Endocrinology: the Answer to Seasonal Infertility?

by 5m Editor
28 December 2011, at 10:26am

GLOBAL - For years the annual cycle of infertility has had major implications for the pig industry globally, from indoor producers in Korea to outdoor units in Scotland, writes Stephen Waite, Head of Science at JSR Genetics.

No one has ever touched on a sure fire way to solve this issue, instead like many issues in the pig industry people have focussed on treating the simple, obvious elements in the hope they see a significant improvement on commercial output.

Marmoset monkey

Temperature and light have long been the stalwarts of this thinking, light controlled and air condition boar studs and sow accommodation being the apparent answer. This too was the thinking among researchers looking into many other species, the hope that closely controlling the environment can somehow trick the animal into thinking its winter all the time.

What has being found though, in Marmoset monkeys, is that light and temperature are merely the first breadcrumbs on the trail to what appears to be the true cause of seasonal infertility. It was shown via endocrinology that even sensory deprived monkeys still showed the same reproductive traits as those with normal access to light and temperature, this sparked a study into the actual regulation pathway of fertility. This lead researchers to the hypothalamus in the animals brain, the hypothalamus acts as a so called reproductive clock, by releasing gonadatrophin-releasing hormone (GnRH) in pulses thus controlling the animals reproductive cycle, the pulses are regular over the winter period which is the breeding season and decline over the summer period thus limiting the number of successful ovulations. What was noted was that even in the sensory deprived animals these pulses still lessen over the summer period thus causing infertility.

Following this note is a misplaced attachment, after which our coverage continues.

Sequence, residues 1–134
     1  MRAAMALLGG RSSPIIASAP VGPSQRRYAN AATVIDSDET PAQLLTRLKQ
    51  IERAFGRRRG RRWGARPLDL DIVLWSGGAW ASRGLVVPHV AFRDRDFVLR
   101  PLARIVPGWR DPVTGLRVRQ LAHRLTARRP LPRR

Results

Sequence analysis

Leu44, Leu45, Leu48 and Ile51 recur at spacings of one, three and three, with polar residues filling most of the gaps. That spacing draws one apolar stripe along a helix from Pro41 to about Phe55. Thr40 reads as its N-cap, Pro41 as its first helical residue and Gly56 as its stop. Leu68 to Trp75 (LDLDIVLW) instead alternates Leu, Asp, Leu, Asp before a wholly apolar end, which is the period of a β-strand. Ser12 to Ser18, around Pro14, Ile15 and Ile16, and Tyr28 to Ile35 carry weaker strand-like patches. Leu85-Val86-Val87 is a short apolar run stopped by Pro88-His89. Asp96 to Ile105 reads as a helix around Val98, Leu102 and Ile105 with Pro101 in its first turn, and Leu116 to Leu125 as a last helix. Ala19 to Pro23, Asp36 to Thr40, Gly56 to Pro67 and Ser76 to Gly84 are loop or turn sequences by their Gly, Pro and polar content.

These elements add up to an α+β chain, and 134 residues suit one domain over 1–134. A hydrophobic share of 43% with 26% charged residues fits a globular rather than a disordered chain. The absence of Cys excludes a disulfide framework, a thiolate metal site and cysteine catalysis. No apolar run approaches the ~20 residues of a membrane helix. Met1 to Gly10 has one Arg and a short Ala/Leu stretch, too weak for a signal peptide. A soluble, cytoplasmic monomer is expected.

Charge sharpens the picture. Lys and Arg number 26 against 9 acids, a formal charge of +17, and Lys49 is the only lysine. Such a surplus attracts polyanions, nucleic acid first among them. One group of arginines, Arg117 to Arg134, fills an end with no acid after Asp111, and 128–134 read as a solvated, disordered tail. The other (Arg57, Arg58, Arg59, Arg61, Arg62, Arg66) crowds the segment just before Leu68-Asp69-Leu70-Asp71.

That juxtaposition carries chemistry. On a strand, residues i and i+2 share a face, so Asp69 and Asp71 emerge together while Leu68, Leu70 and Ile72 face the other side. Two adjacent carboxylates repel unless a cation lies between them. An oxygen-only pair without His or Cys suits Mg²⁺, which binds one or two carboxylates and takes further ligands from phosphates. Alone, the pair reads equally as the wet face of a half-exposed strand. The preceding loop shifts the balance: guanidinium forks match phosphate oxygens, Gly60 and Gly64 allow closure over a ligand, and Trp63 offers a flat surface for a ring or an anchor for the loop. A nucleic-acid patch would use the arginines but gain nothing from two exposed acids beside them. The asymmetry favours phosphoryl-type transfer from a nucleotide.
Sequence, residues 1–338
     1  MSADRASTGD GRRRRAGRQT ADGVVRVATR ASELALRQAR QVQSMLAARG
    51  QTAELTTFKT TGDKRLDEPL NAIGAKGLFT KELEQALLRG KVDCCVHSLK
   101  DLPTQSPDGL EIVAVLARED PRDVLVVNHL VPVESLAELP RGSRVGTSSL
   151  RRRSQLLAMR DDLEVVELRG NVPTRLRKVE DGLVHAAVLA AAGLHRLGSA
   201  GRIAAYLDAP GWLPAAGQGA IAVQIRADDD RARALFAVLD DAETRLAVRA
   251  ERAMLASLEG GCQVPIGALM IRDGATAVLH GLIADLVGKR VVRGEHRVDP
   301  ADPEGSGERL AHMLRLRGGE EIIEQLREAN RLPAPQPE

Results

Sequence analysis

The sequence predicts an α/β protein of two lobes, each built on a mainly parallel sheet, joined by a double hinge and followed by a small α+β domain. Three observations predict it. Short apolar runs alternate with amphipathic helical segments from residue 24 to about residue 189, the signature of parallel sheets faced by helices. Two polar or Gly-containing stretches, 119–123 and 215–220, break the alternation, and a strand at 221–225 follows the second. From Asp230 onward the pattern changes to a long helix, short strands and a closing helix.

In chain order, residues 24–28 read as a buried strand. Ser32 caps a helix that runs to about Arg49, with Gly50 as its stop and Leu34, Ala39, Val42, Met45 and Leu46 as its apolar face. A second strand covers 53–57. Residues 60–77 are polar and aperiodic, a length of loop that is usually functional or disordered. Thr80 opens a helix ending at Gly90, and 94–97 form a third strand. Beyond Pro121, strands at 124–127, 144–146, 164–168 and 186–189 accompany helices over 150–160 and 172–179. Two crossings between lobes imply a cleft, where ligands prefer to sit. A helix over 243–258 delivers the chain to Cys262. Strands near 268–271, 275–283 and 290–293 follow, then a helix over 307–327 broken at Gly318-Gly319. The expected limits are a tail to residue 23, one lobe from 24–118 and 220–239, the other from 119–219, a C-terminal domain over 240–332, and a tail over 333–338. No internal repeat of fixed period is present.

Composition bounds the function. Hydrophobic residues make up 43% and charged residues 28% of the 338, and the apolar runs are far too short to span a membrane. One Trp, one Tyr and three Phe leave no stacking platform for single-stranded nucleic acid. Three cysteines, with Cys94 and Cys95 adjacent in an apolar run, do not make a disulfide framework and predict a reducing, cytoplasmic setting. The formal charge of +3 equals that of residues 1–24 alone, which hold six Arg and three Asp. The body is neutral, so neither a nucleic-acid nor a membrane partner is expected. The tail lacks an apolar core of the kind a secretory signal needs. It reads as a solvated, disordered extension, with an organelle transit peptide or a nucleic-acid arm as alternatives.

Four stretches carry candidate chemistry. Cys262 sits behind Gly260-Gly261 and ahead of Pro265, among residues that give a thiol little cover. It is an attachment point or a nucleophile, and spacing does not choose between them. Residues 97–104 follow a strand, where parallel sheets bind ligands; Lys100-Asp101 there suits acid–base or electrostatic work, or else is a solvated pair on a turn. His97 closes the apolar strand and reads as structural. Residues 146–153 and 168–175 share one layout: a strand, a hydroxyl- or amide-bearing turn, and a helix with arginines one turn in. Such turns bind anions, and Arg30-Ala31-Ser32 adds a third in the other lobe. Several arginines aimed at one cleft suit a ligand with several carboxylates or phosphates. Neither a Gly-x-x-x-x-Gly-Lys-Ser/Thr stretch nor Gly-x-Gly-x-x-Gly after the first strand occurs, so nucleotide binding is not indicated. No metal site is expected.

The control mechanism of these pulses are still not fully understood and may well never be along with the precursors to puberty, but the use of a range of different 'peptins' have been seen to reinstate these pulses in animals. The translation of this work into pigs could have a considerable impact on the industry.

This form of research could also be used to the asses the affect stress has on the reproductive abilities of pigs, as it has been shown that stressors on the animals also affects this pathway in the brain causing ovulation to stop in females and semen production to lower in males.

The Research and Genetics team of JSR will be keeping a close eye on the results of the ongoing research in view of expanding this line of thinking into their current research portfolio.